Things To Consider At This Time
Although a Florida landfall has the highest probability (65%), the angle of landfall can make a big difference in impact. The angle will impact everything from storm surge to the wind along the coastline. Although much of Florida recently saw some sort of impact from Hurricanes Michael and Irma, not all areas experienced high winds. The angle of these high winds can create different outcomes, which is why the angle of impact is important. Of course, this will all depend on the strength of Dorian at landfall, which is unknown at this time.

Soil moisture could also be a factor. Coastal locations south of Cape Canaveral have been fairly wet, while points to the north have been dry over the last 30 days. We could see increased treefall if the higher winds occur where the soil is saturated, but the rainfall could actually be welcome news for points to the north.

With a new Super Moon occurring on August 30th, current tides will be running higher than normal which could increase coastal flooding and increase aspects of any storm surge that might occur.

With Dorian potentially making landfall over a holiday weekend, the amount of lost revenue from hotel and restaurants has the potential to be higher, which could increase business interruption in some cases.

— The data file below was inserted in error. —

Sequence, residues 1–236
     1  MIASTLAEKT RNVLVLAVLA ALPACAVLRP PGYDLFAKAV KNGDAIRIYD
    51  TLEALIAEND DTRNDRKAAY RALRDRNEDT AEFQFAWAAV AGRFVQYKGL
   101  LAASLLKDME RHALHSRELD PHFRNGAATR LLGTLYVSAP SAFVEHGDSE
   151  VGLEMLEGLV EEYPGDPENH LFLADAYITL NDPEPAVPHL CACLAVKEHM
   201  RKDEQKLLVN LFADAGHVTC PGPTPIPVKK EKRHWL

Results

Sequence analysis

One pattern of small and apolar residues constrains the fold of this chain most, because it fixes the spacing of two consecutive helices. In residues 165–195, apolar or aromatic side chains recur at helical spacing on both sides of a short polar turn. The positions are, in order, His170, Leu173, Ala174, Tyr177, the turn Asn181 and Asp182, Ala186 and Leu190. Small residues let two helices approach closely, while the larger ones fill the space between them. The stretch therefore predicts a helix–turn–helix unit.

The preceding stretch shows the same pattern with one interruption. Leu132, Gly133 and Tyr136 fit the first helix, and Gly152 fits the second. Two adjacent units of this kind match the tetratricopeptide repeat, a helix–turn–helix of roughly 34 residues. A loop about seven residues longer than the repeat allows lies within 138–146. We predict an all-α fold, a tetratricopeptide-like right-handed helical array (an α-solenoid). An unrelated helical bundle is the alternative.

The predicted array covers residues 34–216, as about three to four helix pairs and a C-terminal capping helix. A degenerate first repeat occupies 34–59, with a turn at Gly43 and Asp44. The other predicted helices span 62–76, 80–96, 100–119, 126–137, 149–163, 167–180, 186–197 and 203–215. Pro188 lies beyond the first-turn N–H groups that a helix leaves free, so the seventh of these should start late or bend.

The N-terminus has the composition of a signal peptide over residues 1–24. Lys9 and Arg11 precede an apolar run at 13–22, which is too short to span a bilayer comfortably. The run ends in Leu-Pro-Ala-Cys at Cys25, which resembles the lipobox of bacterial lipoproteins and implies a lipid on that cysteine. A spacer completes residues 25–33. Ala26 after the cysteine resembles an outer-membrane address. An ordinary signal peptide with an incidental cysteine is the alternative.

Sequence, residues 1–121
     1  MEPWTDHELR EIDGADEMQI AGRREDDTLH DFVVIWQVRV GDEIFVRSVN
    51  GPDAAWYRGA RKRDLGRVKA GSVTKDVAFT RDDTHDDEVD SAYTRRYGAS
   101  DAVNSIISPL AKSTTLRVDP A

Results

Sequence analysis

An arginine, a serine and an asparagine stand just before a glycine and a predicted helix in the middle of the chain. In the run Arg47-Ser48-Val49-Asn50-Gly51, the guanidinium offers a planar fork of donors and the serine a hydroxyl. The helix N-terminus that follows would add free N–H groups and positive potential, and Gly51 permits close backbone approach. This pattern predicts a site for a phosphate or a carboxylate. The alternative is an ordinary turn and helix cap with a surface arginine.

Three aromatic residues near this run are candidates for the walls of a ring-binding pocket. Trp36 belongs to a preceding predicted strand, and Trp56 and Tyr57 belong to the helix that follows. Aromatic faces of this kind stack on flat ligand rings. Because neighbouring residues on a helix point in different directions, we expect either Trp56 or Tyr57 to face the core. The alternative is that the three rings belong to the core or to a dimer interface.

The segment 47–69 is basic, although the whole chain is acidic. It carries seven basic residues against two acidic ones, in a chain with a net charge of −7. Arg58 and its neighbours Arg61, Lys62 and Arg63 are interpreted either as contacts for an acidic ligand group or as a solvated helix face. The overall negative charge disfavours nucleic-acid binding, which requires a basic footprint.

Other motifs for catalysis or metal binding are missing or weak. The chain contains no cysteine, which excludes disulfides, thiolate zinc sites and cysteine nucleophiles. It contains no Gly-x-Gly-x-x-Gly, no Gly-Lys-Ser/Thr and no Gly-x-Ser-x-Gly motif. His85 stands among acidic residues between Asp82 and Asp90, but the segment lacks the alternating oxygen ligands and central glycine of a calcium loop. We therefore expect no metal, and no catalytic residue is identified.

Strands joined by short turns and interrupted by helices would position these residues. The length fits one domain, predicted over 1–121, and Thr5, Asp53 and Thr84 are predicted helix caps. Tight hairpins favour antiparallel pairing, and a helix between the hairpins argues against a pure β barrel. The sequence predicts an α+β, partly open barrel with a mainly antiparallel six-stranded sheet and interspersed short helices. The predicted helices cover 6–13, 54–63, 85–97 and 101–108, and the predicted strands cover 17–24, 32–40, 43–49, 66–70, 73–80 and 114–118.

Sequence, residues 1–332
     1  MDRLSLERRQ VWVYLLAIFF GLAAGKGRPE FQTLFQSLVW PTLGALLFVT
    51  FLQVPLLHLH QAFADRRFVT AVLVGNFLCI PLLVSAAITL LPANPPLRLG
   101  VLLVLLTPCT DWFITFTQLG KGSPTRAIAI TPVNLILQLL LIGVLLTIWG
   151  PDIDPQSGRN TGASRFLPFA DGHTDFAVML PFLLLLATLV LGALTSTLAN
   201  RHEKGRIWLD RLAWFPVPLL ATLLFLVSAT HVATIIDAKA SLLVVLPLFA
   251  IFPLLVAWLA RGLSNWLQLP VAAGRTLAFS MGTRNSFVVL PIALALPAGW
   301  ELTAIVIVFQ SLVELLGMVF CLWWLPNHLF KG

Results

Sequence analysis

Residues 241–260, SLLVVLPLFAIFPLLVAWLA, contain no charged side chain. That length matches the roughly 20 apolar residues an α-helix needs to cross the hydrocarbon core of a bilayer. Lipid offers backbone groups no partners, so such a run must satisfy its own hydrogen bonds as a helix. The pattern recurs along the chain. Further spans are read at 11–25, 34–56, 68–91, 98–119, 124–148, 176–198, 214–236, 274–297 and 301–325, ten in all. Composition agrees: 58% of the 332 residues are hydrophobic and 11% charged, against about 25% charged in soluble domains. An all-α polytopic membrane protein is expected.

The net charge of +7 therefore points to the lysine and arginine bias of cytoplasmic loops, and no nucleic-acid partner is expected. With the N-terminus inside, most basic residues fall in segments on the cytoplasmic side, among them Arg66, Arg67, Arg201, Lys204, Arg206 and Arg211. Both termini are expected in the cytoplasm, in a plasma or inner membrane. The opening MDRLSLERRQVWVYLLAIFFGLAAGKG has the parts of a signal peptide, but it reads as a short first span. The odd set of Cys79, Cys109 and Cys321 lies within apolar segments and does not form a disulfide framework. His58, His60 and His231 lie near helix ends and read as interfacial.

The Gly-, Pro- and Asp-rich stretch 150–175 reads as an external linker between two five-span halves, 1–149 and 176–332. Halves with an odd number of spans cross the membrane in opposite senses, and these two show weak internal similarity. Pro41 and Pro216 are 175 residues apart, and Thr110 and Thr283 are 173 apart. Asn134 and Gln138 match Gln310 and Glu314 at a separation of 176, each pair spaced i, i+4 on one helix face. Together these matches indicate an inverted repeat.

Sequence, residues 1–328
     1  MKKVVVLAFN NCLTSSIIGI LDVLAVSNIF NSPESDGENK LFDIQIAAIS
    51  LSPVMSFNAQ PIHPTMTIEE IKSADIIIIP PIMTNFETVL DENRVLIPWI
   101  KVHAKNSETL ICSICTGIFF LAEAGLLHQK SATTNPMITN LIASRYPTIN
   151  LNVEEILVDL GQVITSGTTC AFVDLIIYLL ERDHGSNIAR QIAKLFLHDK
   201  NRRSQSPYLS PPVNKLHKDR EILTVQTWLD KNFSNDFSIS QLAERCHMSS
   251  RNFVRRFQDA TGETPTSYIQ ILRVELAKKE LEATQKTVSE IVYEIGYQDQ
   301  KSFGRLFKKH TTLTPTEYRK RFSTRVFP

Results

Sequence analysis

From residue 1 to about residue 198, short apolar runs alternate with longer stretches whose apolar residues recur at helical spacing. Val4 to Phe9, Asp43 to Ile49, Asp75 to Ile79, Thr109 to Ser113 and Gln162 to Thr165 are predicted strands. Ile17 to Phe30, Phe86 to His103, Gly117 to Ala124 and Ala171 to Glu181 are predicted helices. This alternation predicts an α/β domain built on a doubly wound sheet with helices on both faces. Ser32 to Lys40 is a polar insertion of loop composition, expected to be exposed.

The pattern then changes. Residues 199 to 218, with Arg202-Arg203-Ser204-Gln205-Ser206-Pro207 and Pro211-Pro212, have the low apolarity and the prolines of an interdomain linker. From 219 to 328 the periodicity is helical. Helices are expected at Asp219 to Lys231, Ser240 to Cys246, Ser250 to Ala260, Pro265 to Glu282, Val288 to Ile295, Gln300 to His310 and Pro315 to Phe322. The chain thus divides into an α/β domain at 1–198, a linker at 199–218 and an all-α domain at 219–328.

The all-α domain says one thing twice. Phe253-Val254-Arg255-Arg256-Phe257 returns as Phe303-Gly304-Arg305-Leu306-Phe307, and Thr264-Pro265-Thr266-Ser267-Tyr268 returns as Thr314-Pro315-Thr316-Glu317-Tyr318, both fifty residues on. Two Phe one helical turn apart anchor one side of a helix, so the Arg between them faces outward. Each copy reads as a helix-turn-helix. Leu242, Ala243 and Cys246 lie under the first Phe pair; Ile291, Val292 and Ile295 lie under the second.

Wildfire Outlook and Future Problem Areas – August, 2019

While the global insurance industry seems to be eyeing every cloud mass in the Atlantic Ocean for the development of the next possible named storm and what might unfold in terms of overall activity and landfalls, the industry should also pay attention to a different type of weather forecast. Some similarities can be drawn between the lower 48-state fire season and the Atlantic hurricane season in that they are both off to fairly quiet starts. There is curiosity within the industry as to whether the back half of both of these seasons will be hyperactive.

With a total of over $33B of North American wildfire insured loss since 2016, it’s clear that wildfire has taken on new importance in the insurance industry. The good news is that much of North America is exiting the core of the fire season and, so far this summer, there has been a welcome wildfire reprieve. In California, only 24,579 acres have burned this year as opposed to 621,784 acres last year (CAL FIRE Only stats to Aug 22). The other bit of good news is that California has only about 6.73% of the state under abnormally dry conditions, with no drought conditions being reported. This is a vast improvement from one year ago when 47.19% of the state was reporting drought conditions.

California Department of Forestry and Fire Protection (CAL FIRE) combined Statistics including the U.S. Forest Service for the state of California.